Legionnaire's Disease | The Nation


Legionnaire's Disease

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Another cut: An African man, wearing a New York Yankees cap, is yelling into a telephone, saying something about Djibouti. Having named the locale, he disappears almost before you can register his presence, to be replaced by the light of a scorched landscape, visible through the crossbars of a train's window. The train rolls on for a long time. (Apparently, the distances are great in Galoup's mind.) Then the traveling images give way to still pictures of pebbly earth and low shrubs; and then a shadow appears.

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Stuart Klawans
The Nation's film critic Stuart Klawans is author of the books Film Follies: The Cinema Out of Order (a finalist for...

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It is the shadow of a man. The camera follows it to its source: a muscular, bare-chested African who is standing with his eyes closed while stretching his arms toward the sun. Other men in the same eerie pose--similarly young, similarly well muscled--are arrayed near the first in the raking, golden light. These are Galoup's soldiers. On the soundtrack, a chorus from Benjamin Britten's Billy Budd gives voice to the men's longing for the sun, or (just as likely) Galoup's longing for the men.

Bizarre, abrupt and disjointed, these opening images introduce you to Claire Denis's narrative tactics but not to the fullness of her themes. She needs time for those to develop: time to show you the routine. You see ample, gorgeous footage of soldiers throwing themselves through an obstacle course, practicing an assault at a construction site, whooping it up in town on their night's leave, ironing their uniforms. Yes, ironing. The Legion instills elegance in its men, says the post's khat-chewing officer, Bruno, and perfect creases are a part of that elegance.

You can see at once why Sergeant Galoup adores Bruno with a canine devotion. He can tolerate Bruno's spending evenings with Ali, the guy who supplies the khat. But when Bruno starts eyeing the new boy, Gilles, it's too much. Bruno even meets Gilles one night outside the barracks, under a full moon. This is how Galoup remembers the scene (or how he imagines it, now that he's alone and unemployed in Marseilles): The officer saunters out of the blackness, cigarette in hand, and with heavy eyelids and ponderous vowels asks for a light. Gilles obliges. Then Bruno, with gruff but languorous elegance, blows smoke, as he drawls a suggestive compliment on Gilles's looks.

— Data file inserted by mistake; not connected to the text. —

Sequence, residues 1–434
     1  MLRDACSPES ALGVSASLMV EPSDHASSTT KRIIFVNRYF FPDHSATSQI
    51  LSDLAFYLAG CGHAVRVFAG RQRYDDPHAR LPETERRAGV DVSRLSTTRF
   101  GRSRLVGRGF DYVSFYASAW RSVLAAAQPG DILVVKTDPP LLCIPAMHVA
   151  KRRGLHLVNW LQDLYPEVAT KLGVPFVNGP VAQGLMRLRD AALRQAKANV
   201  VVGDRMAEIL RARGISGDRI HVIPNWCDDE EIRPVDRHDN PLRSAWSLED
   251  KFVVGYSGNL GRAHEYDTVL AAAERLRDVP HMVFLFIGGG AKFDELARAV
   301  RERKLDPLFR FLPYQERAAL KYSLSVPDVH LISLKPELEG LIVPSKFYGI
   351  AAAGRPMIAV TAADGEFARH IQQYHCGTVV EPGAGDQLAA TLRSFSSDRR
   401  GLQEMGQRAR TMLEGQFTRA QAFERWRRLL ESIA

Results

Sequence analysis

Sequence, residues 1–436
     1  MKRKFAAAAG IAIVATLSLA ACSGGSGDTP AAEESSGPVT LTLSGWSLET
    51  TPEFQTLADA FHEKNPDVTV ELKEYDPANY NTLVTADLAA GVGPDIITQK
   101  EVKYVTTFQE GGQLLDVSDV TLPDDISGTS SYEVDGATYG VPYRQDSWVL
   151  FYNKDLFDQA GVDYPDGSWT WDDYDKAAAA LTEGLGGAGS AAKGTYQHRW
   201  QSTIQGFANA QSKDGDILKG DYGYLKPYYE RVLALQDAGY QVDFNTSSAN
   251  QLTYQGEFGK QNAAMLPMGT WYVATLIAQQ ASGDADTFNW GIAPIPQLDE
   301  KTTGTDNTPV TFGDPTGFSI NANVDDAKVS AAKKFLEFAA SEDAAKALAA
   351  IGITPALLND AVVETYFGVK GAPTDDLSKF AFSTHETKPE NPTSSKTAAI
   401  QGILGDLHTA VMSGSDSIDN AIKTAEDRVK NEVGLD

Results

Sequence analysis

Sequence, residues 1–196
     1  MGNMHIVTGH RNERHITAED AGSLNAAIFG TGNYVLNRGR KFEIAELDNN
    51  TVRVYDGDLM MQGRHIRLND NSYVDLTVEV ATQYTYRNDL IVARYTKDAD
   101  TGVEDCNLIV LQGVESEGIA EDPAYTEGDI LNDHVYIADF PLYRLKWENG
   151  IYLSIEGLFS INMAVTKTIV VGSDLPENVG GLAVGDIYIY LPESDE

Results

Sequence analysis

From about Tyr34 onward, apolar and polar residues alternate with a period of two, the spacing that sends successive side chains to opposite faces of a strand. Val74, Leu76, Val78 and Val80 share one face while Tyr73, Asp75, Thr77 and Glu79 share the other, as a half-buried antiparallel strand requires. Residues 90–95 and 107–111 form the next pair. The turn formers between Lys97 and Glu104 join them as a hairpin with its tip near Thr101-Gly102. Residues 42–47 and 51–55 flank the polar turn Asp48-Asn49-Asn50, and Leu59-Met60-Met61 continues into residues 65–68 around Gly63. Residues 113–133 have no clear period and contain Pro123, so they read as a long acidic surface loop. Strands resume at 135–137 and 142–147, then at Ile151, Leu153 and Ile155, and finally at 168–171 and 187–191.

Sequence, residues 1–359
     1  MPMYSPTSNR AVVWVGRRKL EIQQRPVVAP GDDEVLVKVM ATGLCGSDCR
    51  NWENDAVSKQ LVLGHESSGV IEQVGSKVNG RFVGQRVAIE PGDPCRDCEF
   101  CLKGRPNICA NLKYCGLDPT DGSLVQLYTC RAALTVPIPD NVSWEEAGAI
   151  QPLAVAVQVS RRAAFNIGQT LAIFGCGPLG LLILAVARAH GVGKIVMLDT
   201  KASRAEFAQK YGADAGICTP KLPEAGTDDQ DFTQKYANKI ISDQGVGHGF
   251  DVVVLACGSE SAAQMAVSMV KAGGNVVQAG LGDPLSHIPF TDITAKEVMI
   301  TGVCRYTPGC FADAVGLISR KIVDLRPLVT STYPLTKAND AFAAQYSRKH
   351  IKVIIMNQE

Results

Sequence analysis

This is not the craziest moment in Beau Travail; but it will do as a place to pause and take stock of the main theme, which is not merely isolation but uselessness. What's the point of the exertion, the loneliness, the sheer boredom of life in the Legion? Why burn up your muscles jumping in and out of pits, and your nerves pretending to capture the empty shell of a building? Why put those perfect creases into your pants, only to get them soaked with beer and sweat in the bars, where your money's wanted and you're not? Colonialism is finished, but the Legion is still out there, and nobody, starting with Bruno, knows or cares why. "I served for two years at home," a Russian-born soldier explains at one point, recalling how he joined the Legion. "But it's impossible to fight just for an ideal." To which Bruno replies, "What ideal?"

And Claire Denis adds, "What fight?" The only struggle available to these particular soldiers is the one with themselves. Maybe that's why Galoup, the sole Legionnaire who seems born for battle, settles his hatred on Gilles, to make up a use for his talents--and once he's fully committed to the fight, the movie really goes nuts.

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